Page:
Behind all of the cradle manufacturing was a passion for tinkering, building, and refining. John J. Bukolt created many products that were overshadowed by the cradle’s popularity. His Bukolt Manufacturing Company gained fame in its own right by producing carriage and automobile wheel protectors named “Highway Tire Protectors”. These tire protectors are similar to the chains that modern motorists add to vehicles during the winter months; easily being added or removed based on where the vehicle would be traveling that day. Before these tire protectors became popular, John Bukolt experimented with an automatic cow milker, which he named the “Western Milking Machine”, manufactured by the “Western Milking Machine Company” around 1910. This company was never officially incorporated and was likely made in the Automatic Cradle Company factory, just like the tire protectors were made later. This cow milking machine would be placed under the cow to squeeze milk into a waiting bucket by using alternating sets of pressure. While some cows were too finicky to accept the machine’s presence, Bukolt affirmed that for farmers who could figure it out, it proved worthwhile and saved time. Before considering farming appliances and tools, in 1905 John Bukolt finalized his design for an automatic washing machine that used similar components as the automatic cradle he had debuted less than a decade prior. The washing machine was admittedly too similar to competitor’s models to stand out at the time and never caught on. Looking at these contraptions in sequence; the cradle, the washing machine, the milking machine, and the tire protectors, we can see that John Bukolt attempted to break into multiple industries, but only the cradle gained the notoriety it needed to push sales and fund a company. Because of the popularity of the cradle, it makes sense that the factory was solely focused on children’s furniture sets by the 1930s. The Lullabye Furniture Company expanded beyond cradles to offer full bedroom sets for infants, toddlers, and young children. The cradles were still the main draw for advertisements and catalog sales, but advertisements now showed full rooms of dressers, step stools, end tables, and wall decorations. Current collectors who keep their eyes open at estate sales and auctions may find lesser-known items from the Lullabye Furniture Company hidden in plain sight.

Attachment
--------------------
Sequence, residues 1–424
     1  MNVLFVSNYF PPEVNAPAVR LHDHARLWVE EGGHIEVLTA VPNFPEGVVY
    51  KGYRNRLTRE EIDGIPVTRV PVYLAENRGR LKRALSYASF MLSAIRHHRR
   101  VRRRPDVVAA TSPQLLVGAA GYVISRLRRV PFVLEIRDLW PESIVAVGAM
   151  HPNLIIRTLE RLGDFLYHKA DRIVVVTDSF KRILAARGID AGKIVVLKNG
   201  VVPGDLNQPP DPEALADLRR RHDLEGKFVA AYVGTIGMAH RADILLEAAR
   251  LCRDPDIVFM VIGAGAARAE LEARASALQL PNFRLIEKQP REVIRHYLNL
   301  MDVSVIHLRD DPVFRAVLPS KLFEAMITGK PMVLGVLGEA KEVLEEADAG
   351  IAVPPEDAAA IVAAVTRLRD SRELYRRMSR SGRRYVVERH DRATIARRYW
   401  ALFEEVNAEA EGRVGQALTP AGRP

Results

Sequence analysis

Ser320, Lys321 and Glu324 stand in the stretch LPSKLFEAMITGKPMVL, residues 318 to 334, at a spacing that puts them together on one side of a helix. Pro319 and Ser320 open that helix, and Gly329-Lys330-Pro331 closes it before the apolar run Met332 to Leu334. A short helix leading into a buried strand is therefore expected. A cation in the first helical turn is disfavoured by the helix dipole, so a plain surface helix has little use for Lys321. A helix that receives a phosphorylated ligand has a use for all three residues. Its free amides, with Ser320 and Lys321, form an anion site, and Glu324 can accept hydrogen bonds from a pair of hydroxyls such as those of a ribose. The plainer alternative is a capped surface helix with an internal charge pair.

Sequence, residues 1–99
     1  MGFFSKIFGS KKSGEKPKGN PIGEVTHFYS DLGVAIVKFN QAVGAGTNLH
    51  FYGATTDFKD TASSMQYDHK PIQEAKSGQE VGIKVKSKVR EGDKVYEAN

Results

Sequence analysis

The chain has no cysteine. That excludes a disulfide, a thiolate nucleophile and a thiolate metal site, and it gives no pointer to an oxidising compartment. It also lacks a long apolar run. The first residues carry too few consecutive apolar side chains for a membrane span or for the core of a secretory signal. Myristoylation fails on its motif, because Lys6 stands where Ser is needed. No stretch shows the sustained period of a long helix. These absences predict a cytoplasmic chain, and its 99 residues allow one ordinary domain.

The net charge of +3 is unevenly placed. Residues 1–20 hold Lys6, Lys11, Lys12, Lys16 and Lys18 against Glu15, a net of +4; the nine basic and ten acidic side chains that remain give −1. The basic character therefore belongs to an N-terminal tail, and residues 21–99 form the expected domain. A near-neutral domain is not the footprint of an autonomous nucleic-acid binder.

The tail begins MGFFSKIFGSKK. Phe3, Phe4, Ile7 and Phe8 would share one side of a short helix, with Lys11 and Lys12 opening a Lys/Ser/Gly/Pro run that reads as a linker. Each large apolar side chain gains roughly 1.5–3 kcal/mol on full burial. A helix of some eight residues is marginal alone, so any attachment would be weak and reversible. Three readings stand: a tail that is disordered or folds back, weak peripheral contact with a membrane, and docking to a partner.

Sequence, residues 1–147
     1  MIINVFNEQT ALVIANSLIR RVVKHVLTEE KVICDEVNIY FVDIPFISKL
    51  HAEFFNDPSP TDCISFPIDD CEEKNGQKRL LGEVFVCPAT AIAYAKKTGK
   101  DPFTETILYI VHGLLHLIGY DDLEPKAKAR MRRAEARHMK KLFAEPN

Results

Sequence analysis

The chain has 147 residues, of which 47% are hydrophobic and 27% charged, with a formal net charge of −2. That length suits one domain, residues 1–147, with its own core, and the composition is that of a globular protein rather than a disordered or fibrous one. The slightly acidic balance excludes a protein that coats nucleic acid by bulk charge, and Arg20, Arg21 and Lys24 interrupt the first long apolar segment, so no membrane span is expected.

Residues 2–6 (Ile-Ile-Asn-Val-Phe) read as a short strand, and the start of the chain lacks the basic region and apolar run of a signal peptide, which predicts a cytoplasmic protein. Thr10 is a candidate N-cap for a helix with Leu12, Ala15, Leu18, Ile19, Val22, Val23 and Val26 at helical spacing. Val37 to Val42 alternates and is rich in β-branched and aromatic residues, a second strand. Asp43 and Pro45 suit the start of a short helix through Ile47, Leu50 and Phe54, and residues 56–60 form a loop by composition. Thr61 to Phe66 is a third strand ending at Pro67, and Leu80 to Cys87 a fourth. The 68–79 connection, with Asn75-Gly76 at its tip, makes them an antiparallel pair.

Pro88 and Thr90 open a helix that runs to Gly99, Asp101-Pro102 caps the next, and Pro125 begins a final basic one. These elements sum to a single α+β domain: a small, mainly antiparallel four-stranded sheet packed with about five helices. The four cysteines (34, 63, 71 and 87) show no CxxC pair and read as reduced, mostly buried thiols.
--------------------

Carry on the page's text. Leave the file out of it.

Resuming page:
Ice skaters in front of the Lullabye Furniture Company, Circa 1940, Stevens Point Journal Photo Collection.

In the Portage County Historical Society collections there are a variety of wall decorations from the Lullabye Furniture Company. These wall decorations are made of cast plaster and painted wood, and have decoration styles that match the furniture they were sold with. For families that could not justify the price of Lullabye furniture, wall decorations were a more affordable option. 

John Bukolt did not know how popular his Lullabye Company would become when he died in 1929, just after the company changed names. He certainly could not have guessed that his factory would still be manufacturing repair parts for cradles into the mid 1960s, or that his cradles would be sold second, third, and fourth hand to new parents for generations. 

See photos below for examples of the wall decorations in the Portage County Historical Society collections. For local researchers who want to visit the site of the Lullabye Factory, the main building was renovated in 1992 into the Pioneer Park Place located at 1020 First Street, Stevens Point. For collectors who have items from John Bukolt’s various companies, we would love to see your photos and hear your stories!